For the last two years I’ve been making a list of 5 guys that have to be good. This kind of list isn’t obvious. You’re not going to find Aaron Rodgers on this list. These are guys that you might not think of right away regarding the overall success of the Packers.
That’s the thing, though. Aaron Rodgers is going to play well. Clay Matthews, should he stay healthy is going to play well. Eddie Lacy’s going to be good and so is the offensive line. The players that we know are good are more than likely going to play well.
It’s the players that are “in the margins” that can make the difference between another 11 or 12 win team with a playoff “run” and a 13 or 14 win team and the 14th World Championship in Packers history.
Jared Abbrederis almost assuredly won’t start this season. With the success of Micah Hyde returning punts it would appear that he might not be able to contribute a lot there either. It’s more than likely, however, that Abbrederis will need to succeed at some point for the Packers.
The obvious place for “Abby” is the second slot position in 4 wide sets that was unsuccessfully operated by Jarrett Boykin a year ago and eventually became Andrew Quarless (who doesn’t offer very much either). If Jared Abbrederis is a serviceable starting caliber slot receiver he’ll be virtually uncoverable by the oppositions 4th best corner. With Jordy Nelson, Randall Cobb and the rising Davante Adams on the squad, Abbrederis should be able to run free.
Where things get more interesting is in the no huddle. Randall Cobb is a very fun option out of the backfield but he’s really the only viable option out of the slot on the team. Sure, Jordy Nelson is an effective receiver from the inside (he covered for Cobb in 2013) but the options to replace him outside are unproven and he’s at his most valuable to the team beating the opposition’s #1 corner on the perimeter.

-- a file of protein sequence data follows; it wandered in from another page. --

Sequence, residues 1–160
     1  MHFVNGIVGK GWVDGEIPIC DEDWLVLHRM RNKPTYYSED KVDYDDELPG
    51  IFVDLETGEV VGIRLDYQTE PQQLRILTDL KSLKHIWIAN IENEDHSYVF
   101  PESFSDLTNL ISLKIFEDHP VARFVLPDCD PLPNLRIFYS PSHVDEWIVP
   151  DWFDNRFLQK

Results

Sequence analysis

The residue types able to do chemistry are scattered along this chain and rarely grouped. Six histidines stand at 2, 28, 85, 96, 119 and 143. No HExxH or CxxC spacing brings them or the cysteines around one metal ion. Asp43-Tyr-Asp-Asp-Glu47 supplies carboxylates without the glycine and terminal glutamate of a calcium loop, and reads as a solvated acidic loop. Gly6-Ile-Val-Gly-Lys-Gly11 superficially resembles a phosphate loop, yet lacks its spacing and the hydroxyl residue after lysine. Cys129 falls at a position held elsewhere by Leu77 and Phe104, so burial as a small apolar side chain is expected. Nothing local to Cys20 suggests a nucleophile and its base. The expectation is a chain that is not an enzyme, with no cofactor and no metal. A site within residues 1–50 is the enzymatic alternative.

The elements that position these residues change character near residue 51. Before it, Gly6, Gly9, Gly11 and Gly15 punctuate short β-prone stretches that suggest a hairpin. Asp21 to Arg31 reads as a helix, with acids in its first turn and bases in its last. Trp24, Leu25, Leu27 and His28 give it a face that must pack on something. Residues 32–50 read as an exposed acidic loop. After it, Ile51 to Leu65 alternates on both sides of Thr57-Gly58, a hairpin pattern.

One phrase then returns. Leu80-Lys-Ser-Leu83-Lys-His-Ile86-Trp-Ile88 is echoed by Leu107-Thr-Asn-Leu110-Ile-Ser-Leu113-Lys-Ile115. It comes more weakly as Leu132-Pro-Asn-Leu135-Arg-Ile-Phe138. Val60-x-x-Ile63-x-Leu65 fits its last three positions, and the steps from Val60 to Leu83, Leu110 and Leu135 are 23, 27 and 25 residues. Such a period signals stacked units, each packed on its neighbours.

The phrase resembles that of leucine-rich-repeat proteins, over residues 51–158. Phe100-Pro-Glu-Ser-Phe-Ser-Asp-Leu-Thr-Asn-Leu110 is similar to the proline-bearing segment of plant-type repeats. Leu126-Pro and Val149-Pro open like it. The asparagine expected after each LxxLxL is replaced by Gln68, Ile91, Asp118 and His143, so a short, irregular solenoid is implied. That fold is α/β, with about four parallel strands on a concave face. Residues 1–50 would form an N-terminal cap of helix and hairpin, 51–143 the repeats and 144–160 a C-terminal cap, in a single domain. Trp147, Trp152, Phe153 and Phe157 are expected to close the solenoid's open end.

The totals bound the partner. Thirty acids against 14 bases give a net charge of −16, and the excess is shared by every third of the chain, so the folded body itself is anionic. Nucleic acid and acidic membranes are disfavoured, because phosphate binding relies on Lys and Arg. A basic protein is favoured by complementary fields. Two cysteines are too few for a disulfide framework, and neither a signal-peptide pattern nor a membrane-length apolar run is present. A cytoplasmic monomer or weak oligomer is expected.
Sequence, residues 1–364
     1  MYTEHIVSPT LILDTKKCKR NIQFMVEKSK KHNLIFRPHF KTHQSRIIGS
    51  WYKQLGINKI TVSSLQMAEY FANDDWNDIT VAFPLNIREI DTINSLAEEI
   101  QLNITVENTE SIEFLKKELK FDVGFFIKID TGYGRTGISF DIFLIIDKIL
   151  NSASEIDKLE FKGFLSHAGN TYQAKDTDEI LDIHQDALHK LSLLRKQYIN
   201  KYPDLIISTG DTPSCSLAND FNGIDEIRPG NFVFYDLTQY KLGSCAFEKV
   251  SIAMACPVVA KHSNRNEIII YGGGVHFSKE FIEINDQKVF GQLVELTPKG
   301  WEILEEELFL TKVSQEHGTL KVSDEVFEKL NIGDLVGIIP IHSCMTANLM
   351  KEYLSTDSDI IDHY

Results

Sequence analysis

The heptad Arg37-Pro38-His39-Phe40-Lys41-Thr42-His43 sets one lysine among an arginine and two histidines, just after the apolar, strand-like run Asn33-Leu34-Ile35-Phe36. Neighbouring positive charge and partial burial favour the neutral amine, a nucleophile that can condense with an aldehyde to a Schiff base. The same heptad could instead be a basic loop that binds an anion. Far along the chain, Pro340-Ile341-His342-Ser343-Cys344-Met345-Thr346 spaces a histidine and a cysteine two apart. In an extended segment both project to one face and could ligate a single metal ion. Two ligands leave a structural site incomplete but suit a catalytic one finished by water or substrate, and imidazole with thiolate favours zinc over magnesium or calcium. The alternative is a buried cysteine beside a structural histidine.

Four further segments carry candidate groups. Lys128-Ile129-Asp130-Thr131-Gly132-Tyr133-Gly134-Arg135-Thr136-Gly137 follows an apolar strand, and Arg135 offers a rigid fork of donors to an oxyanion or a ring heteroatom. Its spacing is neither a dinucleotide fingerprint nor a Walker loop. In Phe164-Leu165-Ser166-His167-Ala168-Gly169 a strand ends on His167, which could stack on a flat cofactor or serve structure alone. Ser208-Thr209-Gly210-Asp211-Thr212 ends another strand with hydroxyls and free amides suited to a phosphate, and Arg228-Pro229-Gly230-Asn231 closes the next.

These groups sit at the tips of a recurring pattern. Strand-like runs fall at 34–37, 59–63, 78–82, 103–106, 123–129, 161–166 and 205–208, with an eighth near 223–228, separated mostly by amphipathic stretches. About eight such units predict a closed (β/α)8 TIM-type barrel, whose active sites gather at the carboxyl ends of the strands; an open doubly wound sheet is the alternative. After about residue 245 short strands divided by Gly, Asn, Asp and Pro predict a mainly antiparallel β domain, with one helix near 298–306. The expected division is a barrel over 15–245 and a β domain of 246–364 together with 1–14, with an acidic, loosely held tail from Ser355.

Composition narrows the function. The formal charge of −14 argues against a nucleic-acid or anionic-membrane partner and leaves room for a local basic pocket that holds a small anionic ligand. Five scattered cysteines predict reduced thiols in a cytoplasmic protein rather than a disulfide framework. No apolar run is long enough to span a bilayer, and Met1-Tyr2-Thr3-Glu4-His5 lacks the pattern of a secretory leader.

As I discussed in this episode of From the Benches, if Abbrederis is good at his job it allows them to run 4 WR/1TE sets or 4 WR/1 RB sets where Cobb is free to rotate from the slot to the backfield and create matchups with linebackers and safeties that can’t cover him. If defenses have to respect Abbrederis as an option from the inside, they can’t just stare at Cobb when he’s in the backfield because they’re already dealing with Adams and Nelson.
The final reason that Jared Abberderis needs to be good is perhaps the most obvious one, depth. I think that if anything bad happened to Davante Adams or Jordy Nelson for an extended period of time Jeff Janis would step in to the outside position and with his athletic ability it’s reasonable that Aaron Rodgers could make him a star. Janis is the anti-Boykin. While Boykin possessed a quick understanding of the playbook and veteran-like savvy he was athletically limited. There is nothing limiting about what Janis can do athletically.
What happens if Cobb goes down (and that has happened before) is another story. As I said, in 2013 the Packers solved the issue by using their best receiver, Jordy Nelson, inside quite a bit. Jarrett Boykin was successful on the outside that season and James Jones was on the squad. As optimistic as I am about Janis, it’s not as much if you’re not utilizing Nelson’s talents to the fullest by playing him in the slot. It’s not as big of a deal to plug Janis in for Adams or Nelson for a game or 3. Moving Nelson inside and replacing him with Janis is weakening two positions, not one.
That’s where Abby comes in. If Abbrederis is a good football player and Cobb goes down, he slides in and the offense loses a step, but not much more than that. Any offense that has Aaron Rodgers and this offensive line is going to be a successful one. Whether it’s spot punt return duty, a position as the 4th WR or stepping in because of injury, Jared Abbrederis has to be good.